For the reasons explained above, we AFFIRM the district court's judgment.
1. In Toyota, the plaintiff sued her former employer under the Americans with Disabilities Act (“ADA”), 42 U.S.C. §§ 12131-12165, not the Rehabilitation Act. The Supreme Court made clear, however, that the phrase “individual with a disability” is defined in substantially the same manner in both statutes and should, therefore, be given the same construction under both statutes. Toyota, 534 U.S. at 194, 122 S.Ct. 681 (noting that Congress drew the ADA's definition of disability almost verbatim from the Rehabilitation Act).
2. The relevant caselaw reveals that the disability standard imposed by courts under the Rehabilitation Act has, indeed, been demanding. See, e.g., Helfter v. United Parcel Serv., 115 F.3d 613, 617 (8th Cir.1997) (concluding that a mail sorter whose on-the-job injuries resulted in permanent medical restrictions, including not only a lift limit of ten pounds frequently and twenty pounds occasionally but also a restriction as to sustained, highly repetitive activities using either hand, failed to show that she was disabled within the meaning of federal disability-discrimination laws); Carter v. Potter, No. 02-7326, 2004 WL 2958428, at *4 (E.D.Pa. Dec.21, 2004) (holding that a postal worker whose arthritis altogether prevented him from performing his duties as a letter carrier did not establish that he had a “disability” that substantially impaired his ability to engage in a major life activity).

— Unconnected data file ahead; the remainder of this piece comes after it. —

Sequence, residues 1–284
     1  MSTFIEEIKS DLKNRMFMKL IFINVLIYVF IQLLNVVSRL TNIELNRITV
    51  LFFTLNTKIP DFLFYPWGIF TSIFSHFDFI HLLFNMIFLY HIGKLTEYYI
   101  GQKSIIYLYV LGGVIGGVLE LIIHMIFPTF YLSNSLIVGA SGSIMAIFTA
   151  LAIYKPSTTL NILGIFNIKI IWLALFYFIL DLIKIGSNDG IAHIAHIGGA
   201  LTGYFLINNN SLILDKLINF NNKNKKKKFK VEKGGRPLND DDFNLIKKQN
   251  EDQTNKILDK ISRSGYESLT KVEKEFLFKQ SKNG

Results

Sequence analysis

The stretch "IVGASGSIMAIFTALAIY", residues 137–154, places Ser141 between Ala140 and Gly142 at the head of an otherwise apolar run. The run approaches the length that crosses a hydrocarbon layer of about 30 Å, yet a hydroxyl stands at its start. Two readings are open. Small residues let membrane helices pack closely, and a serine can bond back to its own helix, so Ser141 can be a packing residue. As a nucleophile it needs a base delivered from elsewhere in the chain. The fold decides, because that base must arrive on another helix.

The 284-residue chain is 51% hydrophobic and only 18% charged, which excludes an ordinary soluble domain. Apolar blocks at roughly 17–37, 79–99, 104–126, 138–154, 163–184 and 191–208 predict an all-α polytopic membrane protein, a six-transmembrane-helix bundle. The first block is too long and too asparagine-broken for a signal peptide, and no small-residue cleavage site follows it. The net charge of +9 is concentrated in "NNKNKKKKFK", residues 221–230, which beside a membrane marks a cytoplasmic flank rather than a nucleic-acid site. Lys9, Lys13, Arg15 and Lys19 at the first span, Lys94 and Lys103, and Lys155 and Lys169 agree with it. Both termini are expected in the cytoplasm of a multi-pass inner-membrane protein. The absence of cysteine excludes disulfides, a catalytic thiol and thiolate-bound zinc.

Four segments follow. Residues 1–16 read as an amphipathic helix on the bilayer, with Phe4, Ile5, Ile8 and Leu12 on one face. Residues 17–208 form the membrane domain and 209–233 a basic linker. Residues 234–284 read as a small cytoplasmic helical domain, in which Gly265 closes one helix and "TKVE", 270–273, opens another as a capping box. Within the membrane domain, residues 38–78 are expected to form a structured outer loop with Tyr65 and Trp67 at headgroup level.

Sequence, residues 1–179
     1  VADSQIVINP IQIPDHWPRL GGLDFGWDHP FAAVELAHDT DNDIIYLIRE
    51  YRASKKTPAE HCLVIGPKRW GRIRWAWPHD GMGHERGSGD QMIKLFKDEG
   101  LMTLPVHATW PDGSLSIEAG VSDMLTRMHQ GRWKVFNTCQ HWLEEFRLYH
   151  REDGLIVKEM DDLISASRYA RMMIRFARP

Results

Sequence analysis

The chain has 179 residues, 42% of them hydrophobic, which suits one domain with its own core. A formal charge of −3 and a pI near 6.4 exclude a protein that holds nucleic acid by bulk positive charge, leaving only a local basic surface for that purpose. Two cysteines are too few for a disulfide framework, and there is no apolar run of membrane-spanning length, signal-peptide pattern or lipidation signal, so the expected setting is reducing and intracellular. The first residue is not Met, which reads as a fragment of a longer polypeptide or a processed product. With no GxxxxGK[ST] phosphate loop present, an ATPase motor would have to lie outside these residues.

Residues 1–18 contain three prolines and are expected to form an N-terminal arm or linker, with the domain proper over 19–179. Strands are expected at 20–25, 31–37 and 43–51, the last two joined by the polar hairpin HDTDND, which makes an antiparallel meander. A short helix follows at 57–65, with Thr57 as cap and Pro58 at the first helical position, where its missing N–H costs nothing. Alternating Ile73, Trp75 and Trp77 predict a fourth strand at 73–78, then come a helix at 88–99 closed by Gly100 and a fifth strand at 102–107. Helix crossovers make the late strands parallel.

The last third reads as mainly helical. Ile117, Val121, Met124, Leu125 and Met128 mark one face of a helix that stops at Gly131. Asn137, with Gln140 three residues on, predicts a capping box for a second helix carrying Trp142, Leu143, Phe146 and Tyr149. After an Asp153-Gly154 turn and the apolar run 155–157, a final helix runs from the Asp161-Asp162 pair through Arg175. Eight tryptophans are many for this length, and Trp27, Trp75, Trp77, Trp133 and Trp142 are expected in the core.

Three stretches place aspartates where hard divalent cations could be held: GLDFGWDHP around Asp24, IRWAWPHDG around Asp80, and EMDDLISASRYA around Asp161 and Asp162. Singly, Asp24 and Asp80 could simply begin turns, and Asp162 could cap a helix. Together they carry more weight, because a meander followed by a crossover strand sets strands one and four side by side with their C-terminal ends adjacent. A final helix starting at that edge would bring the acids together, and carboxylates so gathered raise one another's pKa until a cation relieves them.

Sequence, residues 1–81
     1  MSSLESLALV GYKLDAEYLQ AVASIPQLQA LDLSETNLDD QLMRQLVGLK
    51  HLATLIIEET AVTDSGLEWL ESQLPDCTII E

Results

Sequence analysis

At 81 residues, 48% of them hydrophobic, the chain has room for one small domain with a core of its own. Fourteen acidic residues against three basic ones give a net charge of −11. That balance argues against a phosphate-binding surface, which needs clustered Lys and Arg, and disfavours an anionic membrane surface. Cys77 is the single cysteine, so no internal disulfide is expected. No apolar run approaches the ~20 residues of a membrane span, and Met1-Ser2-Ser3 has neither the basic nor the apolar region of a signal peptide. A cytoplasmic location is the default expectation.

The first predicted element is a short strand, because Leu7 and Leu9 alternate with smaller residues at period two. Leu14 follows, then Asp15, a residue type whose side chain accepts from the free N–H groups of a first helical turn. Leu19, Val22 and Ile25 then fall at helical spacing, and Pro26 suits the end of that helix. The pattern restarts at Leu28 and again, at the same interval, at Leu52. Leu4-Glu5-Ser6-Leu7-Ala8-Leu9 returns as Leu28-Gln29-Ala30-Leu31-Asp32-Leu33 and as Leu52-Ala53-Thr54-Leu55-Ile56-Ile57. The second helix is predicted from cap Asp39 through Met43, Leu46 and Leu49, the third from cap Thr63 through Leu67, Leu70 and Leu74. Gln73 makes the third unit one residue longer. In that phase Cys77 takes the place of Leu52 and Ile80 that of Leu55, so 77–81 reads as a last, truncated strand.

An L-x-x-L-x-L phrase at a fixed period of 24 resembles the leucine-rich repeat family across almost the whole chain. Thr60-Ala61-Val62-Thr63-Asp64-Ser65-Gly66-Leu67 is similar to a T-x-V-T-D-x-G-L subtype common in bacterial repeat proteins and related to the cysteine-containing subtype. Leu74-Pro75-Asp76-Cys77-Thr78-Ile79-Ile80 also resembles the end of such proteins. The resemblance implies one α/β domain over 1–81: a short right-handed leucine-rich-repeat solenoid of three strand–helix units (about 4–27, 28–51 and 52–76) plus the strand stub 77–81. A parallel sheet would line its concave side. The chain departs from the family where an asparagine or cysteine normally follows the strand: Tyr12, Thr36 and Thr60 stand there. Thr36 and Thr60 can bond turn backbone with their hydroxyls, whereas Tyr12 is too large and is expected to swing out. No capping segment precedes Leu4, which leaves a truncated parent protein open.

3. In his reply brief, Rolland suggests-for the first time and without proper citation-that the USPS defines the word “disability” for purposes of its injury compensation program exactly as the word is defined in the Rehabilitation Act. We do not consider, however, arguments left unsaid in the district court and raised for the first time on appeal in a reply brief. See Sandstrom v. ChemLawn Corp., 904 F.2d 83, 87 (1st Cir.1990) (noting that an argument which is “coherently pulled together for the first time in [a party's] reply brief in [the court of appeals] is procedurally defaulted” and will not be considered); see also McCoy v. Mass. Inst. of Tech., 950 F.2d 13, 21 (1st Cir.1991) (explaining that “[i]t is hornbook law that theories not raised squarely in the district court cannot be surfaced for the first time on appeal”).
STAFFORD, Senior District Judge.